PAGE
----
Ben Ijams said last month that “cool things” are happening with a female bodyguard-turned-beauty consultant named Kirsty Hartigan. “She’s just a super special person and all women are her favourite,” Ijams explained. The story got bigger last weekend when Allure magazine printed a story on Kirsty titled “How I Got My Bikini Body Back” with the cosplay influencer, the owner of online style rental site VeronicaIjams.com, photographed in a swimsuit.
The piece initially got me thinking how white girl girls spend all their free time laughing their faces off at a body like Kirsty’s — and how their part-time bodies are then submitted for thousands of dollars of makeup services and even plastic surgery. Ijams also talked to a fellow body activist and brain surgeon about how men with the same bodies, like her boyfriend who looks strikingly similar to her, are not encouraged to keep their enviable figures.
He decided to share his story for the entire world to see in an editorial piece for RecycledLadies.com.
Funny. I get asked how I stayed looking young for almost as long as he’s asked me that. Believe me, I have been searching high and low. I’ve asked my hairstylist, the best cosmetic surgeon, plenty of wait staff, a nutritionist, a dietitian, a health and wellness expert, a fellow body-positive advocate, a spa therapist, my friends and neighbors. I’ve read literally hundreds of inspirational advice books and magazines, and I’ve spent hours searching Tumblr and Reddit and Instagram for comments, even e-mailing “Instagram comments,” asking random “girls about your life.”
Finally, I did what I’ve been looking for. I put a selfie together. I tried to look into my light with all the best hair and makeup, but I realized that body shaming is a hard habit to break once formed. And, it wasn’t about my daughter, my family, or my friends; it was mainly about the gender-selective, demographic that absolutely can afford to afford it, but they choose not to do the same.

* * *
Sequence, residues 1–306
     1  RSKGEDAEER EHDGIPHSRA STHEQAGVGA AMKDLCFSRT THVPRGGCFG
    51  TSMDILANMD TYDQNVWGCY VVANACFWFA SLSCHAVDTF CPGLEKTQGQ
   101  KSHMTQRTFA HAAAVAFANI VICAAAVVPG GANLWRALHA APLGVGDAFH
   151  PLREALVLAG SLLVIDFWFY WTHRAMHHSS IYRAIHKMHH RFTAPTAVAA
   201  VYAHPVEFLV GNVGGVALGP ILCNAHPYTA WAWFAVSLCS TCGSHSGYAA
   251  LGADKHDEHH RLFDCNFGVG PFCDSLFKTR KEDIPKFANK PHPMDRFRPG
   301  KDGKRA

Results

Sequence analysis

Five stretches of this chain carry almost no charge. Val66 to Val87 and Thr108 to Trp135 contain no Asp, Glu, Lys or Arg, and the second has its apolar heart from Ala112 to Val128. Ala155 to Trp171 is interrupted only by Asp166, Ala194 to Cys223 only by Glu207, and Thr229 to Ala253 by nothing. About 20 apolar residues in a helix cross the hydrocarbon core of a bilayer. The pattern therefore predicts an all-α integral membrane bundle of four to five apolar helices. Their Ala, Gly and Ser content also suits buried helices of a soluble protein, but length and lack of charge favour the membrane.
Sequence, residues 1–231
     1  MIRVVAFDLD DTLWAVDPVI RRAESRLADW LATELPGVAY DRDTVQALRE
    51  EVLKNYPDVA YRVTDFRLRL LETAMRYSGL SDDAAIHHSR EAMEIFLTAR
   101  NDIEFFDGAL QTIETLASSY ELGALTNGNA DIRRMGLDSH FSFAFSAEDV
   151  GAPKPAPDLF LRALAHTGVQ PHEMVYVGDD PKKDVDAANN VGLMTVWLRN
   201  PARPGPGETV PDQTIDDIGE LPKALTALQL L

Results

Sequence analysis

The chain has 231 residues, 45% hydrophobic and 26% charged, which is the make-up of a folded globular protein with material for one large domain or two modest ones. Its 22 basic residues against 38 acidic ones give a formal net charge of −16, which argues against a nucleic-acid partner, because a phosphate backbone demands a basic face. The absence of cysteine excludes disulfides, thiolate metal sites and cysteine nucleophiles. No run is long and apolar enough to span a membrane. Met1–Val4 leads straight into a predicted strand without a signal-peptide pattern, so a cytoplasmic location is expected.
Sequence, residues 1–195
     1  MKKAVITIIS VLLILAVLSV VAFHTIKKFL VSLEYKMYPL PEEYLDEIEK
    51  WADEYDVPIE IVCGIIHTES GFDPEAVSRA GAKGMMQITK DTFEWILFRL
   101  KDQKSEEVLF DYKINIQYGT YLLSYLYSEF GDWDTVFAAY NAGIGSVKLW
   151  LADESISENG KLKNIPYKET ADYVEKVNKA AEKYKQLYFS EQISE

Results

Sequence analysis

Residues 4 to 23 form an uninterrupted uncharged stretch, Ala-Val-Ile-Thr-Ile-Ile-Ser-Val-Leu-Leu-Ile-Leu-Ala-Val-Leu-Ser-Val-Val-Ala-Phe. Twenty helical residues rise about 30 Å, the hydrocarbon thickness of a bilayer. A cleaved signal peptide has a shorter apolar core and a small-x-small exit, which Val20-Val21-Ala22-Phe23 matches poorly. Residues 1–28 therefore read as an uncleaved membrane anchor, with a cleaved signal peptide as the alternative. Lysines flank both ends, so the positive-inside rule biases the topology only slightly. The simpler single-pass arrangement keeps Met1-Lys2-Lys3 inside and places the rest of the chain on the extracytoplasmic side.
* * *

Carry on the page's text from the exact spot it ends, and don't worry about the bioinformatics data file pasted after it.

Ive been weighing the options for about a year now, waiting for my results. Now that I do, it has been an extremely cathartic journey. It took some doing, but I’ve learned that I am worthy and beautiful. I don’t believe the world is in need of some hottie on display for everything to be OK. I refuse to entertain the idea that maybe it would feel better if someone who looked like me was not in the spotlight. I believe that our culture has a deep-seated and unexamined attitude towards female figures, which tends to favor extreme care and manipulation, and it feels hypocritical of me to believe that any changes will be made until I am involved in the process.
Men’s bodies are not built differently, and yet men are idolized and men’s bodies are judged in particular ways. There is a very obvious and proven model of women as objects; there are not many “models” built like this. Nobody wants to see themselves like this on display, so it’s incumbent upon men to try to understand how their bodies are sculpted in the way that they are. Only after making that effort do I realize that I’m becoming convinced that all our bodies are important. For as long as I can remember, I’ve known that without our bodies we are nothing. The body-shaming of my male counterparts is unfortunate and bothersome, but I look forward to more change, and I hope that we all do. This is a new start for me. I am sorry for the negative side effects, but I have a tough decision to make: Will I keep worrying about what other people think or will I take up a positive and optimistic side project? I will take up that challenge.